Blog No. 7: Women & Property in the Registry of Deeds
Registry of Deeds staff participate monthly in Dublin City Council Culture Club online events to showcase the archives that are held at the Registry of Deeds. The theme for March 2021 was based on a selection of memorials relating to women and property. Here we will explore some of the memorials featured in the virtual tour, focusing on examples from the 18th century and the wealth of information that can be discovered within our records.
The memorial above is the Last Will and Testament of John White, late of Cappagh, Co. Tipperary. It is dated the 20th September 1718 but was not registered until 16th December 1720, a very common occurrence as there is no time limit for registering a deed. Rebecca White is identified as John’s eldest daughter and is bequeathed ‘all his real and personal estate’. She is appointed the executrix of his Will, making her responsible for managing and providing from her father’s estate his requests to his additional children. To his daughter Charlotte, he grants £1,000 and one moiety (a division of two parts) ‘of all his plate, linen, beds and all other of his household goods’. He grants £500 to his son, Newport, and leaves £200 to his other son, Richard, along with his interest in the lands of Longford, Co. Limerick, which were held from John’s brother Deane White.
This memorial is fascinating as John White bequeaths his estate to his eldest daughter instead of his eldest son, which was more typical at the time. Rebecca is also given the responsibility of fulfilling her father’s final wishes.
Close-up of Rebecca White’s signature on Memorial 31-30-17419
Another memorial of interest is a lease dated 25th June 1740. The lease is between the Mayor, Sheriffs and Citizens of the County of the City of Waterford, and Mary Mason, described as a spinster of that city. The memorial details the location of the property, which can be helpful in identifying the specific area as no maps are lodged with the Memorials.
‘All that and those one garden plot bounded on the south with Dobbyn’s Lane on the west with the most of St Michael’s Church yard on the east side with the city wall and on the north with the lane formerly leading through the City Gate in Lady Lane and which premises were formerly in possession of William Dapwell deceased on part of which there was then a small tenement built’.
From this extract we also learn the name of a former occupant, William Dapwell.
The duration of the lease is 999 years beginning on 25th March 1740. This particular memorial is interesting as its purpose was to ensure that ‘a schoolhouse is built and the number of 34 girls yearly taught’ for ‘the yearly rent of 1 peppercorn if demanded’. A peppercorn was the term used for a small fee payment and, in this instance, it may not be requested by the Mayor, Sheriffs or citizens of Waterford. The memorial goes on to state that, if the property is not to be used as a school or the girls are not taught there, the yearly rent will be £2 and 5 shillings to be paid half yearly on 29th September and 25th March.
Close up of Mary Mason’s signature on Memorial 111-225-76326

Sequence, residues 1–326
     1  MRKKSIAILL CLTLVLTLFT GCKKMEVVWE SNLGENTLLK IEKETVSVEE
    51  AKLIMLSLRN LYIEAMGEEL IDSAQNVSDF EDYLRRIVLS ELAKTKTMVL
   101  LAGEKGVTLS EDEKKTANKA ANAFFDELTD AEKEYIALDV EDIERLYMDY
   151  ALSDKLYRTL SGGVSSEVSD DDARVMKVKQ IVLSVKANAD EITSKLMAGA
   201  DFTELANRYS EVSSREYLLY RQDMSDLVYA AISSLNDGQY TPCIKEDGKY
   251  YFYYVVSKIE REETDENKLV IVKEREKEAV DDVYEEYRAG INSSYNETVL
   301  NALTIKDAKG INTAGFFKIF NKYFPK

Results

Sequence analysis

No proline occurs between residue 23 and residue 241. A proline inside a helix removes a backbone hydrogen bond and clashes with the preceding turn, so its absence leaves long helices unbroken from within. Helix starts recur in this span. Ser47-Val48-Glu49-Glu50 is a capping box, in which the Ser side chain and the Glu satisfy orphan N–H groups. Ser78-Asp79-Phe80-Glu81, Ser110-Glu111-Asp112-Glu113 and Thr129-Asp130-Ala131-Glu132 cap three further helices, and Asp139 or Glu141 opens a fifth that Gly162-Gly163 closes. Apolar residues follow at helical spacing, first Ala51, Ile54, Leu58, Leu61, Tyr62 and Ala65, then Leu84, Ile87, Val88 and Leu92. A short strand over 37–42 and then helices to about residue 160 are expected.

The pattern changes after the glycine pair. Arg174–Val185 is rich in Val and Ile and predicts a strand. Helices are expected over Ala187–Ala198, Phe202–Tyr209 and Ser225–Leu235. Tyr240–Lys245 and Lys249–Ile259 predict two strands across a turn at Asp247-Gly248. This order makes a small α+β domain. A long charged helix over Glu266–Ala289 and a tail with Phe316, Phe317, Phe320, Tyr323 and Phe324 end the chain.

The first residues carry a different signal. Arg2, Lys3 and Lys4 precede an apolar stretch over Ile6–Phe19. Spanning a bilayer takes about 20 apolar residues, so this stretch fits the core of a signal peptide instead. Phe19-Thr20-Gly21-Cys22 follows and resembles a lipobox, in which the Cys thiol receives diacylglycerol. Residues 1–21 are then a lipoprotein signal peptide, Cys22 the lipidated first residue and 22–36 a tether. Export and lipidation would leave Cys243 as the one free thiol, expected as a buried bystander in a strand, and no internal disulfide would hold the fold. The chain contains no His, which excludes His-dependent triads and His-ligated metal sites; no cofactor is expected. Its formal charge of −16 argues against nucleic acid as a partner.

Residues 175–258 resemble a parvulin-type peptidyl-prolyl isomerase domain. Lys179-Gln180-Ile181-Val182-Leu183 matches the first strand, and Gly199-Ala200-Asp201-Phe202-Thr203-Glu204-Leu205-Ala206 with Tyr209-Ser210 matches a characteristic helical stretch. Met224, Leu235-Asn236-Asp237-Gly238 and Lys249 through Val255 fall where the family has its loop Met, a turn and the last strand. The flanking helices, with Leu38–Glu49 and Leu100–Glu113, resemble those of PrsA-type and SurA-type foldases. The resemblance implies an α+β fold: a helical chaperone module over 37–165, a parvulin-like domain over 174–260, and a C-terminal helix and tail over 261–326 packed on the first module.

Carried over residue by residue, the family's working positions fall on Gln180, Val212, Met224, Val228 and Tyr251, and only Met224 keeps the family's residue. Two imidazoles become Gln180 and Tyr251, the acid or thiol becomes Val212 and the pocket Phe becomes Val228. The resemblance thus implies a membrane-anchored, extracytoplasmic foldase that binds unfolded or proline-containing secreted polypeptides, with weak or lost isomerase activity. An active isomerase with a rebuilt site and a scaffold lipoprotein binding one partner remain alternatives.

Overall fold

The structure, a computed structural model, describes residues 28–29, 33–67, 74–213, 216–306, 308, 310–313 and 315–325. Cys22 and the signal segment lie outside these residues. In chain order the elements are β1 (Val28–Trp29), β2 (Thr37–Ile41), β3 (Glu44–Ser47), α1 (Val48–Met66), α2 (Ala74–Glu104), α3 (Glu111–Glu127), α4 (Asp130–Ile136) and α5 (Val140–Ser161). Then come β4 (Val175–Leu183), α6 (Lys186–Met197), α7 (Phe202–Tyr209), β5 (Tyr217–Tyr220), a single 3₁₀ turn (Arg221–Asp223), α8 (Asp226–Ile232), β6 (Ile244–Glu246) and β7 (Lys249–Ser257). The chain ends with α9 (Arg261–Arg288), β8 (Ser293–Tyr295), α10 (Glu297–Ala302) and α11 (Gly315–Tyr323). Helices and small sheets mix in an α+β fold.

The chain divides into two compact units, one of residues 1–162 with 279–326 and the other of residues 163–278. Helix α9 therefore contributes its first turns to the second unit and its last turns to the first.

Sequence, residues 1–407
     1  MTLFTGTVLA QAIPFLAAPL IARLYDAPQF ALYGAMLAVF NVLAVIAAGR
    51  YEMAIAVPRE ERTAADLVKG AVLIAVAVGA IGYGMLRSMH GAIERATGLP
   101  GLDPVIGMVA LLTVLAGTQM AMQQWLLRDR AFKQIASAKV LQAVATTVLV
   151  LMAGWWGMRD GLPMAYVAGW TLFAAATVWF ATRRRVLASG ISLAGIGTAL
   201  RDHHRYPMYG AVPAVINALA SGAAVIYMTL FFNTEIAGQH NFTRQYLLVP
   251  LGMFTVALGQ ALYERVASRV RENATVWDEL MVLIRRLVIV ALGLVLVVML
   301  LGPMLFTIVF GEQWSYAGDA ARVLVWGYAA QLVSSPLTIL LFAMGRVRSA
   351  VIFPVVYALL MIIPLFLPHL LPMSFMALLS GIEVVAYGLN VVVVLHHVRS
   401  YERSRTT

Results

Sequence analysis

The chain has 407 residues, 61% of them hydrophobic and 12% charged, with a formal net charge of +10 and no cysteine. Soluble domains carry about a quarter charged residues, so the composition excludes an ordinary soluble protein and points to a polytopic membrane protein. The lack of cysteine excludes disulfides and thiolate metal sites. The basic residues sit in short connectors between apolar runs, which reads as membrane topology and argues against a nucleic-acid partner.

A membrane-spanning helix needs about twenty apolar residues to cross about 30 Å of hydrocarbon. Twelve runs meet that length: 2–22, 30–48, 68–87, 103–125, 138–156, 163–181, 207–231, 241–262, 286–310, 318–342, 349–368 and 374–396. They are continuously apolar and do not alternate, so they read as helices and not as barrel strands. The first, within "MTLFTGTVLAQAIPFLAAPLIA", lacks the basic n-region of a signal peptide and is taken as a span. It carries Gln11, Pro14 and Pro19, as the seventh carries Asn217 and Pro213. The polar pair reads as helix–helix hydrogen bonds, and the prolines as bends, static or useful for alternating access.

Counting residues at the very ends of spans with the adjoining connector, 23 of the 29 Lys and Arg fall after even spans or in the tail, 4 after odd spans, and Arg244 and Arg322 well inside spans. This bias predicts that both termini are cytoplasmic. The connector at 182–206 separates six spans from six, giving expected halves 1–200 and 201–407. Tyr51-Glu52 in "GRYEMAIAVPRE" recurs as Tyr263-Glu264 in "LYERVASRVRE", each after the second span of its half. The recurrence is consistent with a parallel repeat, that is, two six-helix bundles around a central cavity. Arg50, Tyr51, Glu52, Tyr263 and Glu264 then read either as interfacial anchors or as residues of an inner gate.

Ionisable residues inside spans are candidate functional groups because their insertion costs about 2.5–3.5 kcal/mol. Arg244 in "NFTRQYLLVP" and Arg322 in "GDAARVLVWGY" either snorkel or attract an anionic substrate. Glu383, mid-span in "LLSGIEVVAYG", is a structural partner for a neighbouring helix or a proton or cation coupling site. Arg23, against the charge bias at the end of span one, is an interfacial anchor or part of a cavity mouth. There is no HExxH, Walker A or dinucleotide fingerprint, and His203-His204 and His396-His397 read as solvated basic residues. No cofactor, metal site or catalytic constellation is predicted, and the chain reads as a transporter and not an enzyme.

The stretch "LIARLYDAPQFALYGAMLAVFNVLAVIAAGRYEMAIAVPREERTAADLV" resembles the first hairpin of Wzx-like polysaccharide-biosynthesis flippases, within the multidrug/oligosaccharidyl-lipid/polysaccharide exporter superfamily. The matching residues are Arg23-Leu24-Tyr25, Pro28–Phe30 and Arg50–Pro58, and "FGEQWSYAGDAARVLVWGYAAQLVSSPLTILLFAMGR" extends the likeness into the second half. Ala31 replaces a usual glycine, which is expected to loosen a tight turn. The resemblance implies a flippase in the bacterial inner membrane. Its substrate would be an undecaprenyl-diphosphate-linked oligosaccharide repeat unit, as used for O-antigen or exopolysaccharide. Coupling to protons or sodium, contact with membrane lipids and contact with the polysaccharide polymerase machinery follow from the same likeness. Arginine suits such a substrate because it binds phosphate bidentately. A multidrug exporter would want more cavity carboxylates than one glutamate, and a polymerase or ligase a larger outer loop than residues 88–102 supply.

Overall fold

From some background research, we know that Mary was the daughter of Sir John Mason and that it cost £750 to build the school. Charles Smith’s 1774 book, Ancient and Present state of the county and city of Waterford, states the that the houwas a neat brick building with the rustic work hewn stone door and windows cases and in the front features the family arms ‘Pietas Masoniona, 1740’. Smith also states that the girls were taught there from the age of seven and trained for service. It was a type of charity school known as a blue coat school, named for the distinctive blue uniform worn by the pupils.
Finally, Memorial 141-314-95571 is a deed of lease, dated 7th March 1748, between the Right Honourable Robert Lord Baron of Belfield and Margaret Lorcan, a widow. Please note that if you are searching the Names Index and the grantor has a title, such as Belfield, you must search under the title and not the individual’s surname.
Close up of Margaret Lorcan’s signature on Memorial 141-314-95571
The memorial provides details of previous occupants, as well as a description of the property, including measurements:
‘…the tenements several years ago in the tenancy or occupation of George Thomas merchant and his under tenants & since that in the tenancy of James Begg of Athlone, Inn keeper and now in possession of Margaret Lorcan containing sixty six feet in front street ward and in depth running backward to the River Shannon with the backside houses and outhouses thereunto belonging situate lying and being in Conaught side or part of Athlone…’
The Inn goes by ‘the name of the Three Blackheads in Athlone’ and the lease is for ‘thirty one years from the first day of Nov. last past’ for the yearly rent of £30. The memorial is noteworthy, not only because a woman is leasing the Inn, but also because we know that this particular Inn is now known as Sean’s Pub, recognised as Ireland’s oldest pub by the Guinness Book of Records. The Inn also became known as the Three Blackamoor Heads and was a popular gathering spot for the military and town elite to celebrate victories.
An added bonus of information was discovered among our records in a later Deed of Assignment dated 6th May 1755, registered as Memorial 175-477-117981. In this, we learn that Margaret has remarried to a Thomas Nolan. Thomas and Margaret Nolan ‘otherwise Lorcan his wife’ have assigned the lease to Dillon Naughton, Merchant. This memorial also refers to the lease of 1748, using an identical description for the Inn.
Close-up of Memorial 175-477-117981 identifying Margaret Nolan otherwise Lorcan